I introduced myself to the bartender whom I had spoken with a few times on the phone. She reminded me of Julia Roberts. Since she'd mentioned living in San Diego with her brother and missing the horses she used to have, I brought her a toy horse. I set it on the bar near her tip jar and said, "Hey, those people making the tacos across from you are sweating over a grill, with a longer line, and I don't see a tip jar over there." She smiled and talked about tipping. A woman approached us and said, "Can you make me the blue ones this time?" Her friend said, "No. I like the red ones better." I said, "Okay, well, I didn't know bartenders needed to know so many color combinations for drinks. Maybe you do work for your tips."

She knocked a bottle over, and I told her to finish making the drinks as I picked the chunks of glass off the ground. I got some towels to clean up the rest. Luckily, there was a sink there in the back yard. She said, "I can be so clumsy sometimes."

I met a woman who looked like Fergie from the Black-Eyed Peas. When I told her that, she said, "Oh, it gets me backstage all the time. I met Mike Ness. Got backstage at Snoop Dogg. His drummer hit on me."

Someone else heard this and said, "I was on a tour bus with Outkast. They have these couches, and someone brings you drinks. It was cool."

I went to get another cocktail and heard a guy giving the "bartendress," as she called herself, a hard time for breaking the bottle earlier.

She told me that she also cleaned houses and about a guy that offered to pay her much more than she typically charged. She said that as she cleaned his upstairs windows, he got out of the shower and didn't try to cover up. Later, he appeared at the window nude while she was cleaning it. She had yelled at him and said to me, "I couldn't believe the nerve of the guy. The next week, he called me to work for him again. And he offered to pay me a lot more." I said, "You seem so bothered by this. Why not call the cops? He probably does this to other women who aren't so sure what to do about it or that might not speak English well enough to want to complain. Either that or tell him you'll clean his house and windows for a few thousand bucks, if it's worth it to you." She laughed and said, "What a sicko."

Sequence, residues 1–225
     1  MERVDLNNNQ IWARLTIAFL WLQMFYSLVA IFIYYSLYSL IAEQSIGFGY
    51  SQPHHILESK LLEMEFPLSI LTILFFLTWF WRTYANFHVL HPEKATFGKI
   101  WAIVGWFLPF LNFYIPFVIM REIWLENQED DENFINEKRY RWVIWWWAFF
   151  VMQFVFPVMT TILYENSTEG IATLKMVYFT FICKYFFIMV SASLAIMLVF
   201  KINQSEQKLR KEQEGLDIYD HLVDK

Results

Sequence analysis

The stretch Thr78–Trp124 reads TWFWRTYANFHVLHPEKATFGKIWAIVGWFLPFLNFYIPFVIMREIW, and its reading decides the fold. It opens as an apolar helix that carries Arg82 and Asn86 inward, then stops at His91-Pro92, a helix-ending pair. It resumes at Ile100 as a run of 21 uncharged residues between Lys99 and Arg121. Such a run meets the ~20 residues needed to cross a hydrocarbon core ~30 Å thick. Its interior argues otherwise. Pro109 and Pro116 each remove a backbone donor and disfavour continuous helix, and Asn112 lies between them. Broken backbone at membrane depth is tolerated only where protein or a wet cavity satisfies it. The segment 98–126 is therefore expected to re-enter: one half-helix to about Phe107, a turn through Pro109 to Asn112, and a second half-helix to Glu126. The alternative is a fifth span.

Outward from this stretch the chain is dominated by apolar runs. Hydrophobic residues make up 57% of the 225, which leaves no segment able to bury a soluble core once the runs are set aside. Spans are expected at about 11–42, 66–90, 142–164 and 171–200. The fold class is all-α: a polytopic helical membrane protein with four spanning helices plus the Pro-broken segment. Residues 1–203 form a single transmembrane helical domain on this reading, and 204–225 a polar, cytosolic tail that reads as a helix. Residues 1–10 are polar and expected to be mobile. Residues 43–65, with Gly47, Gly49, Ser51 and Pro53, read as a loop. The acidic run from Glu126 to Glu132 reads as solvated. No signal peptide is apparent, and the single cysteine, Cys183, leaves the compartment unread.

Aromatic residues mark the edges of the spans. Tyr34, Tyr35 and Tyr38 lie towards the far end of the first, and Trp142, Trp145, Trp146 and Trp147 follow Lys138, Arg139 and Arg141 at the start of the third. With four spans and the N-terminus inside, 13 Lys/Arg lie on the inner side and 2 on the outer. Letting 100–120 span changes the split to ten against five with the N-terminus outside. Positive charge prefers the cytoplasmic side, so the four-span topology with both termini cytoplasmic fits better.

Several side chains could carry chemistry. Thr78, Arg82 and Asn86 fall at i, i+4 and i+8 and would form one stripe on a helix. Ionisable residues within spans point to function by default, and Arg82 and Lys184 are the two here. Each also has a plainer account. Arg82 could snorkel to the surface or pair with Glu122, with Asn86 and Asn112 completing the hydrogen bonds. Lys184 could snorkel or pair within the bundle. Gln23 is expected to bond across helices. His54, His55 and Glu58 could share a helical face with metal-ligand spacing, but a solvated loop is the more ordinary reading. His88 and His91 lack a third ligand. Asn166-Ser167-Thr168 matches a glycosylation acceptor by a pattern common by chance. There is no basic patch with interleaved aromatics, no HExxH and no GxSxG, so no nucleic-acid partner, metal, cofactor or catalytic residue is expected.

I went back to the group that had partied with musicians. Someone was talking about partying with Digital Underground. I said, "Are they that band that did 'Humpty Dance'?" The woman didn't answer. She just looked at me and said, "They were bringing us drinks all night. They wanted to take my friend home. This was in L.A., and the paparazzi were taking pictures of the limo. I was taking pictures of the paparazzi. It was wild."

With the loud music, I wondered about the neighbors. The house was at the bottom of a hill, and I saw a car pull into a driveway next door that sat above the back-yard bash. A woman got out and looked over at us. I thought by the look in her eye that she was pissed about the noise, but she opened her trunk, grabbed bags of two-liter drinks, and walked over.

I guess it helps inviting neighbors to the party.

Crash your party? Call 619-235-3000 x421 and leave an invitation for Josh Board.